I heard a wonderful exchange today on the radio between Judge Andrew Napolitano (a strict constitutional Libertarian) and Democratic strategist Pat Cadell. Cadell cited a Rasmussel poll which found that 71% of people said they are angry with the federal government, and almost half said they are very angry. Yet when the same question was asked of politicians who are actually in control, only 6% of them were angry with the federal government. Apparently 71% of us see what’s going on and realize who the problem is, and the people who are the problem are completely unaware of what they are doing and how we feel about it.
Gadell made another point — I’m not sure I agree with him but I hope I do. He said that he thinks 90% of us agree on 80% of the issues. There are only 10% of us who are extreme, either left or right, and the rest of us basically think the same about most issues. It is a travesty that a nation where so many people fundamentally believe the same thing is divided so sharply along party lines. The political parties use small, divisive issues (abortion, gay marriage, illegal immigration) and buzzwords (socialism, unpatriotic, government takeover) to make it an “us vs. them” situation so they can get political contributions, further their own narrow agendas, and gain power.
Howard Dean recently said in a speech in France that the war between capitalism and socialism has already been fought and the outcome has been determined: we will have a mix of both; the only question is the extent to which we have one or the other. He elaborates on this, saying that capitalism is important because it appeals to part of human nature: the drive to be free, to be creative, and to make things. Socialism appeals to another part of human nature: to be part of a community and to support each other. (Some would argue that we don’t need the government do to that — that charities can do that — but I’ll accept his argument here.) So if we can get past this “capitalism vs. socialism” argument, get past thinking that it has to be all one or the other (when in reality it never will be), then perhaps we can start having a more logical discussion about the implications of sliding more to one side than the other.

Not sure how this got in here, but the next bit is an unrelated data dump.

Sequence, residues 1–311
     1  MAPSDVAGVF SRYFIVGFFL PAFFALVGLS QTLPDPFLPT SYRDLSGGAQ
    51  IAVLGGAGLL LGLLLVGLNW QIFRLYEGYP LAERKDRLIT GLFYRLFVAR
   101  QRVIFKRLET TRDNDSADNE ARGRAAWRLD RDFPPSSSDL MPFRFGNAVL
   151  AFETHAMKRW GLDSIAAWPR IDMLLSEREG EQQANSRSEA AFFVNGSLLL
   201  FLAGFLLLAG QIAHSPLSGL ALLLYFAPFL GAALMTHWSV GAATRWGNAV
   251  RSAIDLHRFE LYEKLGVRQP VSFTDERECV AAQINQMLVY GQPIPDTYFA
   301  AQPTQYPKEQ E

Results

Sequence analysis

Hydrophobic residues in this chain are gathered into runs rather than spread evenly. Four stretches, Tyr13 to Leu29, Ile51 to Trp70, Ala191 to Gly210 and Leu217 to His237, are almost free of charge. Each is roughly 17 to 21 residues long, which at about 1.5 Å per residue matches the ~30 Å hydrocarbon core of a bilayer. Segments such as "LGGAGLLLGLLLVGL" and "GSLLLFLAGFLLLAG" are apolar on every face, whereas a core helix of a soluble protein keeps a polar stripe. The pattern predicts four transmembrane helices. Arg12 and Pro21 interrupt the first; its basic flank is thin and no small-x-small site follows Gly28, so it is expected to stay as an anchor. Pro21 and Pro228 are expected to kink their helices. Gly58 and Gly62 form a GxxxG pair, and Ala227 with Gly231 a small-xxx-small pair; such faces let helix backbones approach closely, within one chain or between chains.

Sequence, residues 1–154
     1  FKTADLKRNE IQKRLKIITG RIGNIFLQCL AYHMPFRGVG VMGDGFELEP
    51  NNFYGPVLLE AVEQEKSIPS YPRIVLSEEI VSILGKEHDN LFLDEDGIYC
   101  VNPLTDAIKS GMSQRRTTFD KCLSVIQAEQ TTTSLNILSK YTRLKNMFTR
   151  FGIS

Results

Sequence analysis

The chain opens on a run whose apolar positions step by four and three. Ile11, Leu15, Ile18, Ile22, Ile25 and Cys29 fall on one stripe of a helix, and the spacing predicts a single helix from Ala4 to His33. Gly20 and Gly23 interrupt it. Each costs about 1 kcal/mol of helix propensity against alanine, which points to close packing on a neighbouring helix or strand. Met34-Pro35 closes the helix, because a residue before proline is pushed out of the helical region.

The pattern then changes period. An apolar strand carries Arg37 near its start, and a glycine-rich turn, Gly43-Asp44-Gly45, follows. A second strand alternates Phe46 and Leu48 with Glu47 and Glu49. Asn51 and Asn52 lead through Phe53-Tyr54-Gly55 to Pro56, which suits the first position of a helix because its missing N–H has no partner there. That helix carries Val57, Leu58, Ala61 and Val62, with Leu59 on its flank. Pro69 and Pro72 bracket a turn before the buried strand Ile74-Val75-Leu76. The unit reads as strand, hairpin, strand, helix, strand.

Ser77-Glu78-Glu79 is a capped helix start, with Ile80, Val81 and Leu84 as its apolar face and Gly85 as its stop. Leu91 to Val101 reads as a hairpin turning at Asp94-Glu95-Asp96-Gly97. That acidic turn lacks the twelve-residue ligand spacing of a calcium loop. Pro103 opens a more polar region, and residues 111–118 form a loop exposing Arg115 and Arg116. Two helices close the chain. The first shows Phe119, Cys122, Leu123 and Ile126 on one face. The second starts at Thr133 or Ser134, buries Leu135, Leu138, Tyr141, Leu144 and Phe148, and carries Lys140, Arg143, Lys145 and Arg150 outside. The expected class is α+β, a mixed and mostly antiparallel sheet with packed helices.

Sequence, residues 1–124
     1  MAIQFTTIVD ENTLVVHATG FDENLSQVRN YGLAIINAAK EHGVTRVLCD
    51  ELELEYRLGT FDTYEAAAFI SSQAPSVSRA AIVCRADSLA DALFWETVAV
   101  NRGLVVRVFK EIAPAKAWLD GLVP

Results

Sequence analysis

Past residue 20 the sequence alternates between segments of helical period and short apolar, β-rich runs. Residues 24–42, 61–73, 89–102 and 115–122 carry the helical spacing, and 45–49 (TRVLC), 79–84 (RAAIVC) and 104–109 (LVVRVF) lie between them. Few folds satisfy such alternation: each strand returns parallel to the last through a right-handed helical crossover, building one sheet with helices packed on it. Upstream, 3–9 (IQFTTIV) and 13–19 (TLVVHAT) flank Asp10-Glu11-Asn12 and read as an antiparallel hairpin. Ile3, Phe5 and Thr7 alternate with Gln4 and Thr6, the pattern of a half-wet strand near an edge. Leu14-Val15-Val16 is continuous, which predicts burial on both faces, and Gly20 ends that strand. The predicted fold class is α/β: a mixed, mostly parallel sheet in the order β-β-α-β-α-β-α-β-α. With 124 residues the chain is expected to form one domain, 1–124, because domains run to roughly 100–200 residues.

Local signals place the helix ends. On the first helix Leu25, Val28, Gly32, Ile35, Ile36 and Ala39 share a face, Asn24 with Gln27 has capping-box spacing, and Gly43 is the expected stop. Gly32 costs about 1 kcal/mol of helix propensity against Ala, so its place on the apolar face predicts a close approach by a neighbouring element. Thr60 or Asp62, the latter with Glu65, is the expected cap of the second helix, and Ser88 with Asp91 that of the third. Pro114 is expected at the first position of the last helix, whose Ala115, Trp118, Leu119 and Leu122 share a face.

My hope is that some day soon, we will all wake up and realize that political parties are using us to further their own ends. They have to divide us, to get us to choose a side. They want you to think that people on the other side are either a) wrong, b) stupid, or c) just plain evil. Your neighbors, your co-workers, and your friends are likely a mix of conservative and liberal, Republican and Democrat. Do you think the people you love who disagree with you are mean-spirited, evil or stupid? I hope not. Don’t play their game. Sure, you have to choose one person come election time. But don’t fall prey to the “us vs. them” mindset. It will make you bitter and angry — I have found that the more I become interested in political issues, the more upset I become. That’s why I haven’t written much on this blog about politics lately. Instead, I’m trying to focus on the common bonds we all share instead.
United we stand, divided we fall. It’s unfortunate that the two major political parties can only survive by dividing us. Don’t let them.